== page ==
Caregiver burden has been defined as the type of stress or strain that caregivers experience related to the problems and challenges they face as a result of the status of the care recipient. It is the state resulting from necessary caring tasks or restrictions that cause discomfort for the caregiver (Zarit, Reever, & Bach-Peterson, 1980). Caregiver burden has also been defined as the strain or load borne by a person who cares for a chronically ill, disabled, or elderly family member (Stucki & Mulvey, 2000). It is a multidimensional response to physical, psychological, emotional, social, and financial stressors associated with the caregiving experience. Caregiver burden has been described as both observable and perceived. Objective burden is an observable, concrete, and tangible cost to the caregiver for taking care of the recipient. Subjective burden refers to the perceived costs, such as the extent to which the caregiver is bothered by performing these tasks and the positive or negative feelings experienced while giving care (Jones, 1996). The caregiver's perception of the burden, rather than the perception of other family members or healthcare providers, determines the impact on his or her life (Kasuya, Polgar-Bailey, & Takeuchi, 2000). The level of perceived burden has been correlated with higher risks of depression and lower quality of life for caregivers of MS patients (Aronson, 1997).
The unpredictability of MS affects the caregiver in a way unlike other chronic diseases. Caregivers are unable to predict the onset of a relapse, the progression of the disease, or even the functional ability of the patient over the course of a day (McKeown et al., 2004). Not only do physical symptoms of the patient increase caregiver burden, but the psychological and emotional aspects of MS also present challenges for patients and family members (Coleman, Rath, & Carey, 2001); many patients can be emotionally labile and may be depressed because of the symptoms. The care recipient's problems with everyday memory and activities of daily living have been shown to be predict caregiver burden (Chipchase & Lincoln, 2001).
Caregiver burden can be increased when the caregiver believes that the personality of the person with MS has changed. Changing personal plans or finances because of caregiving are other factors contributing to the burden (Chipchase & Lincoln, 2001). Eighty percent of MS caregivers reported that the demands placed on their time interfered with obligations to family and friends or with their career (O'Brien, 1993). The perceived burden may reflect feelings of conflict and loss because of changing roles within the relationship (O'Brien, Wineman, & Nelson, 1995). The amount of care provided is not necessarily related to caregiver burden. Limited participation in usual activities or interests that results from caregiving has been reported to increase emotional distress among caregivers (Cameron, Franche, Cheung, & Stewart, 2002).
Profound fatigue, sensory symptoms, and vision loss are common among MS patients. The most difficult invisible symptom for the caregiver to understand is fatigue. MS-related fatigue is very different from regular fatigue because it generally occurs daily and can occur in the morning despite a good night's sleep. It can worsen during the day and is likely to interfere with normal activities (National MS Society, n.d.). The invisible and unpredictable nature of fatigue can make it difficult for the caregiver to understand and appreciate its intensity.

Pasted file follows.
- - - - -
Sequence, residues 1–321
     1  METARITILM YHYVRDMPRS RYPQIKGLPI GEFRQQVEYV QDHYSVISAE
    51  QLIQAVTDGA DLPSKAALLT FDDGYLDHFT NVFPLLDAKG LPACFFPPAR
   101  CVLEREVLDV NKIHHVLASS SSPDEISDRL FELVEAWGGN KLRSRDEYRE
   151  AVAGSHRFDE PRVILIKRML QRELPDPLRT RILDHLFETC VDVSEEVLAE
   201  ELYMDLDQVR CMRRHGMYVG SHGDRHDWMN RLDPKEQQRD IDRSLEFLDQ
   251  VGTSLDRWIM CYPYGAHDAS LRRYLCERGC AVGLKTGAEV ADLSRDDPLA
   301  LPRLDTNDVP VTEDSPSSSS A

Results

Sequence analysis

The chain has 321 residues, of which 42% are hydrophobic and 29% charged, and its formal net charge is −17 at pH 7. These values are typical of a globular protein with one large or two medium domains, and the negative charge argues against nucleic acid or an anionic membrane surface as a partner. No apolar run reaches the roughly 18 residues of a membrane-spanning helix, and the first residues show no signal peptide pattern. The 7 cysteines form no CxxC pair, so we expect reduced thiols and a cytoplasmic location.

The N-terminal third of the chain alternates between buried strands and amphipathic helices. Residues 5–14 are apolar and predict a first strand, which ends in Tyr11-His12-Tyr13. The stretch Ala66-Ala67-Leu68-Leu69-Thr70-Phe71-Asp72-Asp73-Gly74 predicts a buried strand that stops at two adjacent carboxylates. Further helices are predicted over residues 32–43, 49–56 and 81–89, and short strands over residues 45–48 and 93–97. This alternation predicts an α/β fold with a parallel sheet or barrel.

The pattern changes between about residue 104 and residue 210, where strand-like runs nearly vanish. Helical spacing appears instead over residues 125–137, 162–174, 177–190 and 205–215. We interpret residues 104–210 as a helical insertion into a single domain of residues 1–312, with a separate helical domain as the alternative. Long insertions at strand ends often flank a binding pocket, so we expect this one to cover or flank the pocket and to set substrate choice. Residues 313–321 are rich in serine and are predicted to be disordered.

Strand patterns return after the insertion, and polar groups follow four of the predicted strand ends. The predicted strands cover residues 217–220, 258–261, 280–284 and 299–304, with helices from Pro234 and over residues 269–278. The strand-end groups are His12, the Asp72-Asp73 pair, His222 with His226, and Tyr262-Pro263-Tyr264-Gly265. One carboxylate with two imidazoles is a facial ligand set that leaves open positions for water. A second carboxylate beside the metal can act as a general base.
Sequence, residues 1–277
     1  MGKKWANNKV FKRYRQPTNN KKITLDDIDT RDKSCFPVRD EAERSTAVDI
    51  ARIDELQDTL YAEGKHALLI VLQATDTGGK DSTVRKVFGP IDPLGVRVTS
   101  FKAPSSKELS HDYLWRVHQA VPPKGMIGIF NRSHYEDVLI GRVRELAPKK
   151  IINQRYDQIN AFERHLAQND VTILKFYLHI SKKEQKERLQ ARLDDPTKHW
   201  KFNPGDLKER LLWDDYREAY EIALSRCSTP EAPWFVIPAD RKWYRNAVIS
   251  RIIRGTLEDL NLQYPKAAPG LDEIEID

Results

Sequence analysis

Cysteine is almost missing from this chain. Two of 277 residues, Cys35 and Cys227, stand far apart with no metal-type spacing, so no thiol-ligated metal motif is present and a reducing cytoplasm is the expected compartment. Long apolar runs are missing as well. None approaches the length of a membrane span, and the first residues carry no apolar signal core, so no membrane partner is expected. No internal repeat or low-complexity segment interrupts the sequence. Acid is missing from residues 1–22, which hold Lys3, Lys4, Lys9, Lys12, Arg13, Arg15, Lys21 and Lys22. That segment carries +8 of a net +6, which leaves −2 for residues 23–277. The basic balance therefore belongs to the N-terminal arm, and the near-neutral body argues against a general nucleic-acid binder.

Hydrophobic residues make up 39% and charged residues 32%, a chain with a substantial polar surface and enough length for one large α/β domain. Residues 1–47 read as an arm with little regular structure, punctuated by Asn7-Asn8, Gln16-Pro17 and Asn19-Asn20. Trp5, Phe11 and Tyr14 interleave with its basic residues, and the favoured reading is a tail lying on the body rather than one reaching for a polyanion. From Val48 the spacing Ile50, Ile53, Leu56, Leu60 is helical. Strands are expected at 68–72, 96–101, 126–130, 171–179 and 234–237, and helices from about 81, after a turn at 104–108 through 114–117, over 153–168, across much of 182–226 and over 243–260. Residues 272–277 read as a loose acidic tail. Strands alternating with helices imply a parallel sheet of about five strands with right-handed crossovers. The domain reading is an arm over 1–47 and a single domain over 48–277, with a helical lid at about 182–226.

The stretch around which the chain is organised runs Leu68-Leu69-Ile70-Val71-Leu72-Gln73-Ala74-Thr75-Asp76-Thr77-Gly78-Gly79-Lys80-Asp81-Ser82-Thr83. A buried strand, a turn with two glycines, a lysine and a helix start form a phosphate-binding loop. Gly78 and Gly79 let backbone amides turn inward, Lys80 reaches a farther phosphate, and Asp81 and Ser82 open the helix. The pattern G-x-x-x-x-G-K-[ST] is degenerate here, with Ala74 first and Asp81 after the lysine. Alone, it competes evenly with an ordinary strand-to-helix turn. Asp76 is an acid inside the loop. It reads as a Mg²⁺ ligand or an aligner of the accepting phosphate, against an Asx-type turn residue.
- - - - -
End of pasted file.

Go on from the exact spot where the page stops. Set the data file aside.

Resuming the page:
For spousal caregivers, a sense of loss permeates their lives. The constant change in disease progression and associated cognitive dysfunction of the MS patient contributes to the sense of loss. Spouses feel that they have lost their partner and their sense of self, companionship, support, income, and lifestyle (Cheung & Hocking, 2004). Courts, Newton, and McNeal (2005) found differences in the feelings of caregivers of MS patients occurred by gender. Men were angry at systems, such as difficulties with handicapped parking and the accessibility of aisles in stores for their wheelchair-bound wives. Women shared their pain and spoke of emotional needs. Still, both genders admitted that they suffered in silence. The need for information about the disease and support from families, outside agencies, and healthcare providers was expressed.
Caring for the individual with MS causes unique challenges for the caregiver. Because MS develops in young adulthood, the initial impact can begin during the years of college education, marriage, career development, and family life. It is often diagnosed when married partners are assuming social and economic responsibilities (O'Brien, 1993). As the individual's disease progresses and the disabilities become more permanent, the person's need for personal aid increases (Kersten et al., 2000). Many individuals rely upon some level of assistance from their partner to remain active and involved in their home. If a partner is responsible for personal care of the patient, the partner's risk of burden increases. Neglect of the patient can become an issue if the partner is expected to remain employed, care for the children, and maintain the household (Holland & Northrup, 2006). The chronic, progressive, and unpredictable nature of MS may result in long-term demands and increased caregiver burden. Caregivers need support for themselves, and they want support for their partners. They often feel overwhelmed, ignored, and neglected, and this adds to their feeling of burden (Courts et al., 2005).
J Neurosci Nurs. 2008;40(1):25-31. © 2008 American Association of Neuroscience Nurses
Cite this: Assessment of Caregiver Burden in Families of Persons With Multiple Sclerosis - Medscape - Feb 01, 2008.